Online virtue signaling, however, enables people to forget that they are sitting insignificantly behind a cell phone or keyboard, and not on the front lines. Signing a petition to get an author unpublished, tagging movie studios in tweets calling for the removal of an actor, and bullying Jewish models and comedians makes them believe, if the desired cancelation is achieved, that they played a part in effecting it. They might even convince themselves that it was their signature or tweet, and theirs alone, that finally altered the world in their favor. They might congratulate themselves that transgender Harry Potter fans are safe from imaginary Rowling-inspired violence, that Disney+ subscribers can watch The Mandalorian without being “triggered,” and that Hamas controls the Holy Land through their efforts, not the turning tides of history that transcend any action which a single mortal could take to radically alter social systems, especially such an “action” that consists solely of a simple inflammatory hashtag or mean comment.

The behavior of these cancelers makes it easy to adopt a “holier than thou” attitude for those who choose more active, more principled means of getting involved in world events, but it should not. Rather, it should inspire self-reflection about where our priorities lie when tragedy or controversy strikes.

Do we, too, resort to mob mentality and armchair advocacy when we see something happen that we feel is morally wrong? Or do we take meaningful steps to influence our society, by voting with purpose, writing eloquently to our leaders, and above all else, respectfully entering into reasoned discourse with those who see the world in different ways? In an age where reason is radically uncommon, it may be the most important thing we can do to stand up for what is right.

Image credit: “Gal Gadot,” by Gage Skidmore on Flickr, CC BY-SA 2.0. Image cropped.

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Ethan J. Connor
Ethan J. Connor
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  • Avatar
    Mary Poindexter McLaughlin
    October 19, 2023, 4:00 pm

    I was with you until the very last paragraph. I used to believe that "voting with purpose, writing eloquently to our leaders" were "meaningful steps to influence our society," but I've seen far too many instances where those steps rang hollow. In New York State, I learned that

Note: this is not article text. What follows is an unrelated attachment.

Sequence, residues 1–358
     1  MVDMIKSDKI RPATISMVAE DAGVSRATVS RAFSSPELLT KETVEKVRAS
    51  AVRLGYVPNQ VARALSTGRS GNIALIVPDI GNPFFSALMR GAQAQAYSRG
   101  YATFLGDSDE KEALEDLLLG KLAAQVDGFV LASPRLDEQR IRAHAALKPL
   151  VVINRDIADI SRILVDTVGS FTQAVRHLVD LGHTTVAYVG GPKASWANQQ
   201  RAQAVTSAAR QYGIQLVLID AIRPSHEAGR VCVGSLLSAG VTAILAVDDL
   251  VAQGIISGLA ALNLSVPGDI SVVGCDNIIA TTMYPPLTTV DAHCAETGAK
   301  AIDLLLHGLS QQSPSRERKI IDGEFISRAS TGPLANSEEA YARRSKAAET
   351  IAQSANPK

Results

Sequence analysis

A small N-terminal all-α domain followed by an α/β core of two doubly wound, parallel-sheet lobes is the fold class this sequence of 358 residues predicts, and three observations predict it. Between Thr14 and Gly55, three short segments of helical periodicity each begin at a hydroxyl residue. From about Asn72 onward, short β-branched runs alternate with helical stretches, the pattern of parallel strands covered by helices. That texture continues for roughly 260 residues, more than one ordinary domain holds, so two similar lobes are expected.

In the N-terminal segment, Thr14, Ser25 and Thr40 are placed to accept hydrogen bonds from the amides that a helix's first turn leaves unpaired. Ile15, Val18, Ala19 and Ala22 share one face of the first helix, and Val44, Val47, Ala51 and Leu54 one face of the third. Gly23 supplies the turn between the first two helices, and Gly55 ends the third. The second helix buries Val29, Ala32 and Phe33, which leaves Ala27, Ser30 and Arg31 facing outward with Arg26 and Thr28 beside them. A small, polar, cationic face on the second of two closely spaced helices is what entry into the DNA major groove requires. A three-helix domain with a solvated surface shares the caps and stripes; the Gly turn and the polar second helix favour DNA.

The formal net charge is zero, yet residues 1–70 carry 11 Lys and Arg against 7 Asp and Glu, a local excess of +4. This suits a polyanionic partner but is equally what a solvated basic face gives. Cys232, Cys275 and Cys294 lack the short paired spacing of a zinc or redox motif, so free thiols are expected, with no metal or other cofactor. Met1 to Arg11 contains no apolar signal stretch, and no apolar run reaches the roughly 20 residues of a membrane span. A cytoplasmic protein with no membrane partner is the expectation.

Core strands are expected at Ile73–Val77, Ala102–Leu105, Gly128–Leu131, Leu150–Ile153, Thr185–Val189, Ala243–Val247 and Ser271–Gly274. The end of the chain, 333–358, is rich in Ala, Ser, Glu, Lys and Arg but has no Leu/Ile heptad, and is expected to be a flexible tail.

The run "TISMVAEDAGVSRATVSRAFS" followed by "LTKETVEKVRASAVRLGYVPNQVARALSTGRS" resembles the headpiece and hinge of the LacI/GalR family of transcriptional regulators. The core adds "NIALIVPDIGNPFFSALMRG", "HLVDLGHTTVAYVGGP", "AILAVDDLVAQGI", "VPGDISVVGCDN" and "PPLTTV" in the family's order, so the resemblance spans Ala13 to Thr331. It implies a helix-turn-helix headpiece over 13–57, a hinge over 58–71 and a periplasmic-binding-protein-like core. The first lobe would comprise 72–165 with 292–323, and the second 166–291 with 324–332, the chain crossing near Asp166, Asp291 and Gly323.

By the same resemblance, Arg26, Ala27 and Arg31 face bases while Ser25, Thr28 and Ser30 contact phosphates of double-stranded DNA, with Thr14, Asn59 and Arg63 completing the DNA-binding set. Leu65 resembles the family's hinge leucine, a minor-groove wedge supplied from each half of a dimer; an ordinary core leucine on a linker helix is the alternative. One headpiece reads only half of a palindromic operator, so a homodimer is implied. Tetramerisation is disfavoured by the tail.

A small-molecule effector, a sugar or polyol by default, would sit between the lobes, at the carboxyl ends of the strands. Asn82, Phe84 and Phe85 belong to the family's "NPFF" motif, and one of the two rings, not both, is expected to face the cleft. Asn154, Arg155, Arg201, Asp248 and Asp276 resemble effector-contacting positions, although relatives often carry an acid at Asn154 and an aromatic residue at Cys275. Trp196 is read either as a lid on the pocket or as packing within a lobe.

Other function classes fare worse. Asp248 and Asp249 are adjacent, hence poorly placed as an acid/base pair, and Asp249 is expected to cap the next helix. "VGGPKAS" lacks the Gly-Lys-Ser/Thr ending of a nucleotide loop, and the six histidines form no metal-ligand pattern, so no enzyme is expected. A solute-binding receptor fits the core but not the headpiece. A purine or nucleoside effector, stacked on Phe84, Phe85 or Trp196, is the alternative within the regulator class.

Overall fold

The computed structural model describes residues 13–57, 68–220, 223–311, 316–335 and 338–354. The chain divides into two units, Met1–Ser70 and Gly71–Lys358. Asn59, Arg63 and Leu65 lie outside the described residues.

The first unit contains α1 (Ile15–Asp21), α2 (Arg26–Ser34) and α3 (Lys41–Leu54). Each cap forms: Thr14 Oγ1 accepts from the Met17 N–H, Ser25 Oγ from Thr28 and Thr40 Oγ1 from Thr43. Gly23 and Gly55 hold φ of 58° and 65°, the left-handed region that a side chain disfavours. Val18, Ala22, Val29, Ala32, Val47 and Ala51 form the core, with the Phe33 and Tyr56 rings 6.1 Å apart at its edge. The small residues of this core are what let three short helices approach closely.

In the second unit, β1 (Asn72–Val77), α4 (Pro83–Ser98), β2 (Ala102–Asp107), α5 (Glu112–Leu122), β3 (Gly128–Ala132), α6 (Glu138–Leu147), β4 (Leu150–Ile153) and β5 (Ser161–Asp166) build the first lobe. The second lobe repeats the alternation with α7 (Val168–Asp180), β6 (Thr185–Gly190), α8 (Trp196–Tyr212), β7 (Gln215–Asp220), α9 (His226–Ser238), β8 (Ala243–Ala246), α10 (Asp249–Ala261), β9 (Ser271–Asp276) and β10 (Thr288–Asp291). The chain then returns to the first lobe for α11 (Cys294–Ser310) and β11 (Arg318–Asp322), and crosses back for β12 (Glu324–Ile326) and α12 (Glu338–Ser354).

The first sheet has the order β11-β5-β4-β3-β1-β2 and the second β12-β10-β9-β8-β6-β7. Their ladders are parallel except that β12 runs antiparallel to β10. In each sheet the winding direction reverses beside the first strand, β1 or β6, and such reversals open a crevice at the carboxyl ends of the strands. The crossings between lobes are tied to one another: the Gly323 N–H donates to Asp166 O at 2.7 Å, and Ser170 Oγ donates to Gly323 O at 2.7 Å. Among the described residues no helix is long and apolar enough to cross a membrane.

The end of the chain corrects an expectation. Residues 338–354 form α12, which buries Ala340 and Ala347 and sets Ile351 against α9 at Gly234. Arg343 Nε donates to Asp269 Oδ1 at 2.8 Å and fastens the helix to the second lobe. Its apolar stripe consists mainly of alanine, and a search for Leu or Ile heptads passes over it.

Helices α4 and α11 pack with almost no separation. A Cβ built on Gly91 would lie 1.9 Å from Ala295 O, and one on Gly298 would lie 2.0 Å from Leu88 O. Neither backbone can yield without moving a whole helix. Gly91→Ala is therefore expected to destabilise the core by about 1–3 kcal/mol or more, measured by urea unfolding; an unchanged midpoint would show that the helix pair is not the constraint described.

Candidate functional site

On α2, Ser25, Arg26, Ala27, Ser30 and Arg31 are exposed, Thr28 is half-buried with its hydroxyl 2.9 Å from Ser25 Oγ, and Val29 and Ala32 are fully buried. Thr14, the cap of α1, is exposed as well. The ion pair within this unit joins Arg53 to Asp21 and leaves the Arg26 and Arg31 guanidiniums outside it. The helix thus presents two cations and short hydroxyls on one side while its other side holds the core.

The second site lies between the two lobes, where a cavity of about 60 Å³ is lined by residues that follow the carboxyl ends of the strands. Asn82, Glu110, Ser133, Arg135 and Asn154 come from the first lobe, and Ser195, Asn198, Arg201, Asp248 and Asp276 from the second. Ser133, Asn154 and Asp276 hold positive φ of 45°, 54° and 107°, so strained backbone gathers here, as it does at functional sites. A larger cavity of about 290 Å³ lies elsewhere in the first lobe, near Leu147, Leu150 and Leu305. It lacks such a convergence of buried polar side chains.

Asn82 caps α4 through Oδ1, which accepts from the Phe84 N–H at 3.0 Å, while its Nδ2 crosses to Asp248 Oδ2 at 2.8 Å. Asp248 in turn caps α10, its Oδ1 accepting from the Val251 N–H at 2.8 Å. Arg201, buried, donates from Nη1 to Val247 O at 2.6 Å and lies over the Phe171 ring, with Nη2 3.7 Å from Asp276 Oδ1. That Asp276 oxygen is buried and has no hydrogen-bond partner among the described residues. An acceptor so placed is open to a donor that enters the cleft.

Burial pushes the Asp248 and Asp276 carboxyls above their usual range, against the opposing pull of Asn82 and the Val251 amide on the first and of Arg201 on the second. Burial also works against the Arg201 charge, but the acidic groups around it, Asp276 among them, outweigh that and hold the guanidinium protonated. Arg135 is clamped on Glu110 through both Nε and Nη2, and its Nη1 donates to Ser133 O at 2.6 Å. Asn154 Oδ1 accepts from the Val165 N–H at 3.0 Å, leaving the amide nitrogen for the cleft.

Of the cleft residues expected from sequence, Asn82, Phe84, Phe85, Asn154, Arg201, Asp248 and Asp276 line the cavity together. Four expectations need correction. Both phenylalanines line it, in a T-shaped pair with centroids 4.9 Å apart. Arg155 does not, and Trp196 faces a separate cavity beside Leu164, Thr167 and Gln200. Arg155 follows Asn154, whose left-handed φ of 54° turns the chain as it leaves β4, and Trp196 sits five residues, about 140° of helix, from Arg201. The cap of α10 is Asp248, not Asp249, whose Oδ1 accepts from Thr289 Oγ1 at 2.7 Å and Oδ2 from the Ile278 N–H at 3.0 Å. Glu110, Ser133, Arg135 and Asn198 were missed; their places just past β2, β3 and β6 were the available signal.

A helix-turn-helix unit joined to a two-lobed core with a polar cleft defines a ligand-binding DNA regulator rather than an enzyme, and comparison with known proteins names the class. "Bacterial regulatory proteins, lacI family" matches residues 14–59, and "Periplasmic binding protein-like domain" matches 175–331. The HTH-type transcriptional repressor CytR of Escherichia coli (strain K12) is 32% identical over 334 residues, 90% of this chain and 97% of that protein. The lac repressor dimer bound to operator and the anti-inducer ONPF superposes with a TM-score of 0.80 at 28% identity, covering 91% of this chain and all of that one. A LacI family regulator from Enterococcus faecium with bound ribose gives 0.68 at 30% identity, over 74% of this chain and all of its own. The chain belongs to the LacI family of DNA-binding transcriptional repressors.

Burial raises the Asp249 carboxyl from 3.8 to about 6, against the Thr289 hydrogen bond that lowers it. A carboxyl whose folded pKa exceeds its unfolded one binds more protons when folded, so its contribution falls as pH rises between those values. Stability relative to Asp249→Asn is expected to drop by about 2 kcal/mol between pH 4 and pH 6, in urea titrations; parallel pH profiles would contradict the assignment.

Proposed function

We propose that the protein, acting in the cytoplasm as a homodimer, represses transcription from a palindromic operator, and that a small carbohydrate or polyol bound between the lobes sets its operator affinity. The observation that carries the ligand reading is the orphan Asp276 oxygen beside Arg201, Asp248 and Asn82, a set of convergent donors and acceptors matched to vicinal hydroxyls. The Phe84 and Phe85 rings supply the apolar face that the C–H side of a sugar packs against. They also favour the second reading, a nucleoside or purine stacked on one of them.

elected officials at a certain level simply aren't listening to their constituents anymore. They don't have to. That's not who butters their bread, and they know it.

    However, the last recommendation, "respectfully entering into reasoned discourse with those who see the world in different ways" is, at this point, the only way I can see to gather our power together. From there, we begin.

    Thanks for a thoughtful, well-written article.

    REPLY
  • Avatar
    Kalikiano Kalei
    October 19, 2023, 4:06 pm

    Fortunately for me, Ethan, I spare myself the needless aggravations of social media (more aptly renamed 'anti-social media') by staying well away from anything that permits clueless intellects to spew verbal diarrhea freely, via the internet… Life is too short and there are so many much better paragons of true human wisdom to focus on than the ignorant opinions of teeny-weeny brain-cell people who dwell excessively on smartphone-time. Social media is one of the substantive principal degraders of 'quality of life', of course, and this deleterious dynamic took a steep dive into even deeper regions of whacko when the internet enabled everyone and the family dog to express their opinions via a 'blog', on-line…regardless of whether or not they can connect more than two dots contiguously on any given subject.

    Might I suggest that we start encouraging people to read books like Christopher F. Rufo's illuminating recent work, titled 'America's Cultural Revolution: How the Radical Left Conquered Everything' (Barnes & Noble) instead of reading the unintelligible shorthand of mouth-breathing internet social media friends?' Perhaps that would help restart their lapsed critical thinking capabilities once again?

    Another good starting point might be Sarah Bakewell's "How to Live", or 'A Life of Montaigne." And while they're at it, enjoy a modest glass of Montaigne's prized wines as well.

    REPLY
  • Avatar
    Bill Howard
    October 20, 2023, 6:00 am

    I have to admit I find the phrase "the holy land" a contradiction when compared to what happens there. Who can possibly call that place "holy" with any sincerity?

    If anything the murderous feelings of so many there and around the world when referencing it render it unholy and a place better described as one of hellish levels of mutual hatred.

    REPLY